Whitehouse said demonstrating efficacy will be another challenge. "We are just beginning to meet some resistance from teaching methods faculty who like the idea but are not convinced this experience is necessary," she said. So a continuous effort will be spending time with teachers and education faculty to give them understanding of what a virtual world can and cannot do.
The WV Education scavenger hunt allows teachers to make direct comparisons among traditional
room setups and those built for new digital technologies.
She will continue to champion this project, though, and said the team will remain persistent, patient, and determined. "I believe that it will help teachers energize, create, design, and become immersed in the things that brought them to teaching in the first place--love of the students, love of learning, and passion for being the best teacher they can be."
When asked for indicators of success, Whitehouse laid out the plans. "The bottom line is the attraction, retention, and retraining of teachers, particularly math teachers. Our metrics will be aligned with these goals." She said they will examine how and to what extent teachers engage and change their teaching practices as a result of their training experience in Second Life. "We'll then watch the numbers to see how many stay in teaching and for how long in comparison to those who do not have this type of innovative professional development," she said. Whitehouse said plans include watching for increases in job applications. They will measure student achievement as well. "You'll notice that none of these things are quick fixes, and we expect to see changes over time, not overnight."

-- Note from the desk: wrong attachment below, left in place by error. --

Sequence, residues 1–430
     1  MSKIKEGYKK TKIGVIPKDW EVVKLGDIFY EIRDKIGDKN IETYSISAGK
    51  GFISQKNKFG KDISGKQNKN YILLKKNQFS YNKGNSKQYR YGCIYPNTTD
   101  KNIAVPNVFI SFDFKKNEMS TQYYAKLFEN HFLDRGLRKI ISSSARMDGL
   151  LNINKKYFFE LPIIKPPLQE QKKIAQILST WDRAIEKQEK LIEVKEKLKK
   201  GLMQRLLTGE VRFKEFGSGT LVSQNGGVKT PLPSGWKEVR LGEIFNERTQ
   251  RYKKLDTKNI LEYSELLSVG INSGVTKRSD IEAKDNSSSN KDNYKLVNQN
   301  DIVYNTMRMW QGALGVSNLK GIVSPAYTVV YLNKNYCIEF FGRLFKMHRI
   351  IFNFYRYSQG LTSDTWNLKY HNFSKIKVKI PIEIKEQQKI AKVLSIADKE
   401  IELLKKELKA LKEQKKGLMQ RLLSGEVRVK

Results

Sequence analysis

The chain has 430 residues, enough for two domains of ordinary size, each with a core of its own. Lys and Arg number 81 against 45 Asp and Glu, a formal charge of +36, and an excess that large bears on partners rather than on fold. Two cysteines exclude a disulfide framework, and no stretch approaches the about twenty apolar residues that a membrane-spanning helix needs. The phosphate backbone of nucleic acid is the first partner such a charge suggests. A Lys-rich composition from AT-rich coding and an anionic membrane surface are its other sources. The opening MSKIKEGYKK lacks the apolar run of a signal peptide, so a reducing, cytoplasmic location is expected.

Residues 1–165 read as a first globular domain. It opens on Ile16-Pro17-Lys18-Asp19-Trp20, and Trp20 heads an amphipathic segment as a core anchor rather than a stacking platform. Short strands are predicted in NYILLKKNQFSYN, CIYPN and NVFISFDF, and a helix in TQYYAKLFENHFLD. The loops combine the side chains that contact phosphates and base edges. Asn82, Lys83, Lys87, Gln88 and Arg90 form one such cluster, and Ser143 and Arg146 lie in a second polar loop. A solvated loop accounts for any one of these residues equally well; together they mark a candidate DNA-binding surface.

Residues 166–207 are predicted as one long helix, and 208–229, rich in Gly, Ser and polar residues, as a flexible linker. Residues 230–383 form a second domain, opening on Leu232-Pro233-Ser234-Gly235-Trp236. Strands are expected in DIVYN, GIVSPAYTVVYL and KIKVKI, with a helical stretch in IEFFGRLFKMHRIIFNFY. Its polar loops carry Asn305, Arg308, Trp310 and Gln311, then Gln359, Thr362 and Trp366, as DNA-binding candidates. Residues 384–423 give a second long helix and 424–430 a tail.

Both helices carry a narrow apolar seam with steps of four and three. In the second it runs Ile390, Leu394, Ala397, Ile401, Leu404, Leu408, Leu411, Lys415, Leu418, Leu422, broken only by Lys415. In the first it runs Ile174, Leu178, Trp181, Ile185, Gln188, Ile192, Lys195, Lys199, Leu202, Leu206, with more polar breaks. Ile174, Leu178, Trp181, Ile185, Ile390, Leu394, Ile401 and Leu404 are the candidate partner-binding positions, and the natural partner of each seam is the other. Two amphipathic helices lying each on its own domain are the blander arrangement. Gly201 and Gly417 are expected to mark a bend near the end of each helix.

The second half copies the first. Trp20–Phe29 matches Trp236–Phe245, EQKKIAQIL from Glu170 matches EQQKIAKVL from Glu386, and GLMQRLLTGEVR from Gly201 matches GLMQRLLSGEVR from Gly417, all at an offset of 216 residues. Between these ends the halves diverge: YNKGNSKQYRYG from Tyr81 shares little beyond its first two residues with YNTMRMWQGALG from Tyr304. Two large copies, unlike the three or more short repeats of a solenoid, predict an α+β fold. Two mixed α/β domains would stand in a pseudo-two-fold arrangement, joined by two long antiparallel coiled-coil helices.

Whitehouse said she hopes that, as efforts progress, she'll witness increasing student achievement as a result of helping teachers develop new habits of mind around what it means to teach and what it means to be a lifelong learner.
"I am also fascinated with the potential. I visited the Vassar Island and enjoyed standing inside their 3D photographs. Now I want to figure out how to make the 3D experience complete, by interacting with the photograph. How could we bring the photograph to life? Think of the immersive experience that would be! "
THE Journal will revisit Whitehouse and the virtual worlds professional development program in the fall, after teachers begin to use it to see how expectations compared with actual results.
Denise Harrison is a freelance writer and editor specializing in technology, specifically in audiovisual and presentation. She also works as a consultant for Second Life projects and is involved with nonprofits and education within the 3D realm. She can be reached here.